Sequence-based Methods in Human Microbial Ecology: A The 2nd HumanGenome Comes of Age

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Ecologists studying microbial life in the environment have recognized the enormous complexity of microbial diversity for more than a decade (Whitman et al. 1998). The development of a variety of culture-independent methods, many of them coupled with high-throughput DNA sequencing, has allowed this diversity to be explored in ever greater detail (Handelsman 2004; Harris et al. 2004; Hugenholtz et al. 1998; Moreira and Lopez-Garcia 2002; Rappe and Giovannoni 2003). Despite the widespread application of these new techniques to the characterization of uncultivated microbes and microbial communities in the environment, their application to human health and disease has lagged behind. Because ... continued below

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Weng, Li; Rubin, Edward M. & Bristow, James June 1, 2005.

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Ecologists studying microbial life in the environment have recognized the enormous complexity of microbial diversity for more than a decade (Whitman et al. 1998). The development of a variety of culture-independent methods, many of them coupled with high-throughput DNA sequencing, has allowed this diversity to be explored in ever greater detail (Handelsman 2004; Harris et al. 2004; Hugenholtz et al. 1998; Moreira and Lopez-Garcia 2002; Rappe and Giovannoni 2003). Despite the widespread application of these new techniques to the characterization of uncultivated microbes and microbial communities in the environment, their application to human health and disease has lagged behind. Because these techniques now allow not only cataloging of microbial diversity, but also insight into microbial functions, it is time for clinical microbiologists to apply these tools to the microbial communities that abound on and within us, in what has been aptly called ''the second Human Genome Project'' (Relman and Falkow 2001). In this review we will discuss the sequence-based methods for microbial analysis that are currently available and their application to identify novel human pathogens, improve diagnosis and treatment of known infectious diseases, and finally to advance understanding of our relationship with microbial communities that normally reside in and on the human body.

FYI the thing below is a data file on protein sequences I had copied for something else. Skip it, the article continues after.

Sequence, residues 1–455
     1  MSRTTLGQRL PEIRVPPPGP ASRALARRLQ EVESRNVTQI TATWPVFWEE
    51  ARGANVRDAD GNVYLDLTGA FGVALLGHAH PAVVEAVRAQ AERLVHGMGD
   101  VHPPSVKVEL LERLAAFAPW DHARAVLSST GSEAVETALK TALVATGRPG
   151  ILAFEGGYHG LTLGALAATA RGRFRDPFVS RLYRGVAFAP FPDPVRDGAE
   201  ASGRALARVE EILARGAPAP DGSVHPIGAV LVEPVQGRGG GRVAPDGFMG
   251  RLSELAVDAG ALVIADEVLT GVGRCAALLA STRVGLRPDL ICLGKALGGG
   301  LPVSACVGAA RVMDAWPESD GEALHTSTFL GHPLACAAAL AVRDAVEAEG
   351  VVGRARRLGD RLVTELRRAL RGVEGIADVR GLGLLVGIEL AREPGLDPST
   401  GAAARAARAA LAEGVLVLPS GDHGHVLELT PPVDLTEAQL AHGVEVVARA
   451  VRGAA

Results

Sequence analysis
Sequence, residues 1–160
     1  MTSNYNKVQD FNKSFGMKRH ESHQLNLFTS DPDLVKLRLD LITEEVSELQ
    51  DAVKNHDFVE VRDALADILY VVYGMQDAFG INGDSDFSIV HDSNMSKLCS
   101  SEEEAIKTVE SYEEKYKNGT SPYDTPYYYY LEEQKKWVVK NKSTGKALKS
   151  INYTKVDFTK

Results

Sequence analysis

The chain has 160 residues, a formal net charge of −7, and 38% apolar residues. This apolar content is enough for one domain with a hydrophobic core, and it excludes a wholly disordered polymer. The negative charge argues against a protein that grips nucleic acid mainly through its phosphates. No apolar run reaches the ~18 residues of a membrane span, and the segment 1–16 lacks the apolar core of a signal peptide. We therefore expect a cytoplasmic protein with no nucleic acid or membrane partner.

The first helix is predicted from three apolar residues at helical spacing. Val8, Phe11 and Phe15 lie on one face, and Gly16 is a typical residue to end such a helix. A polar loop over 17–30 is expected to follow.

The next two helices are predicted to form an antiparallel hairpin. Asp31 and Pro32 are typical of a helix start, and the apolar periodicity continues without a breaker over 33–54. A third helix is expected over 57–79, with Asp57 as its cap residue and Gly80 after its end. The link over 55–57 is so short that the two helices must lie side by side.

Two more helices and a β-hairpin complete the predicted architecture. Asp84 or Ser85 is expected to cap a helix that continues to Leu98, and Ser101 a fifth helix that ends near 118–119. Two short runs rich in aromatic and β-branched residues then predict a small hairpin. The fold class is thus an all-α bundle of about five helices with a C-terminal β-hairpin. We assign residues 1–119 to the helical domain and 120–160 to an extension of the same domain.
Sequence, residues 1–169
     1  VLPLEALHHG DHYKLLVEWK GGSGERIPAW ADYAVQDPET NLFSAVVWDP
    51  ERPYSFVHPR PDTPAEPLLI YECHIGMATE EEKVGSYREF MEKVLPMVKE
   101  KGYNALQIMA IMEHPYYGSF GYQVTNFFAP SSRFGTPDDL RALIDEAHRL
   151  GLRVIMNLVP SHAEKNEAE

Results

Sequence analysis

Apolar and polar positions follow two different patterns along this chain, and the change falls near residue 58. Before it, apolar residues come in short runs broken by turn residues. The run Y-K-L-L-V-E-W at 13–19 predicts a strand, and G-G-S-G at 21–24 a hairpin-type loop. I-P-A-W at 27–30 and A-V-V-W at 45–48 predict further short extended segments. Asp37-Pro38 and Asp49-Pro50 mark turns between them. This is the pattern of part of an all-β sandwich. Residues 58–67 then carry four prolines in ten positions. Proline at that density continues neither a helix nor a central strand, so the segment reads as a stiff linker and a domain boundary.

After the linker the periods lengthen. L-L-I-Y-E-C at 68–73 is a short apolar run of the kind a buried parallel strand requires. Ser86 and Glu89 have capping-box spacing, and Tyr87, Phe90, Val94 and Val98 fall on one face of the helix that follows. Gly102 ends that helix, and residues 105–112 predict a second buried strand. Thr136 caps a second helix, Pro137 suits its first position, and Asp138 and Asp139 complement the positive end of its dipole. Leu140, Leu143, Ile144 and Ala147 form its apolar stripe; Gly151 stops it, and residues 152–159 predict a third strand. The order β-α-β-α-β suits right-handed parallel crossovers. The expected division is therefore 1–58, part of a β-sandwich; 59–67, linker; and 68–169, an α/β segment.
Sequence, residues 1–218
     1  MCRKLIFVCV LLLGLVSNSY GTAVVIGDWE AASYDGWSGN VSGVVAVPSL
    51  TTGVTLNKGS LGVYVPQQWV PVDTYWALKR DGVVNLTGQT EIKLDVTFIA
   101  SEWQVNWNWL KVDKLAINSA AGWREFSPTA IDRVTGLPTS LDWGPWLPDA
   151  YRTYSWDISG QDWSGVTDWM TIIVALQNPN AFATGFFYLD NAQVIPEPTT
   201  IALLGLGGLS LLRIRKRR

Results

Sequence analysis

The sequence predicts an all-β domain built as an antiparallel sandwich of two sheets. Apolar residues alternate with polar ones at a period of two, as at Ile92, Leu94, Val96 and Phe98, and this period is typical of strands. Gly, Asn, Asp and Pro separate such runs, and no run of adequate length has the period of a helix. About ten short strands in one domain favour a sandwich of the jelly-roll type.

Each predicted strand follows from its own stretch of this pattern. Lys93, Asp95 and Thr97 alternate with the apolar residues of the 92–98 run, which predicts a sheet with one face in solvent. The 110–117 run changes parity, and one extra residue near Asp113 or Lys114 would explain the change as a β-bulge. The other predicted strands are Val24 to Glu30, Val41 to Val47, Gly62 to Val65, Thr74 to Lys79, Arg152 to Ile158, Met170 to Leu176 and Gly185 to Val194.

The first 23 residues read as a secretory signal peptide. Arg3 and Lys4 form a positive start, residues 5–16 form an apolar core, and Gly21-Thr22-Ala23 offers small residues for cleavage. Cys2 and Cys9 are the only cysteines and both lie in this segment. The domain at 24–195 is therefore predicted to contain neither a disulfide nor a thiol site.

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  • Journal Name: Genome Research; Journal Volume: 16; Journal Issue: 3; Related Information: Journal Publication Date: 03/2006

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  • Report No.: LBNL--57716
  • Grant Number: DE-AC02-05CH11231
  • Office of Scientific & Technical Information Report Number: 886053
  • Archival Resource Key: ark:/67531/metadc875642

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  • June 1, 2005

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  • Sept. 21, 2016, 2:29 a.m.

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  • Sept. 29, 2016, 7 p.m.

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Weng, Li; Rubin, Edward M. & Bristow, James. Sequence-based Methods in Human Microbial Ecology: A The 2nd HumanGenome Comes of Age, article, June 1, 2005; Berkeley, California. (digital.library.unt.edu/ark:/67531/metadc875642/: accessed August 23, 2017), University of North Texas Libraries, Digital Library, digital.library.unt.edu; crediting UNT Libraries Government Documents Department.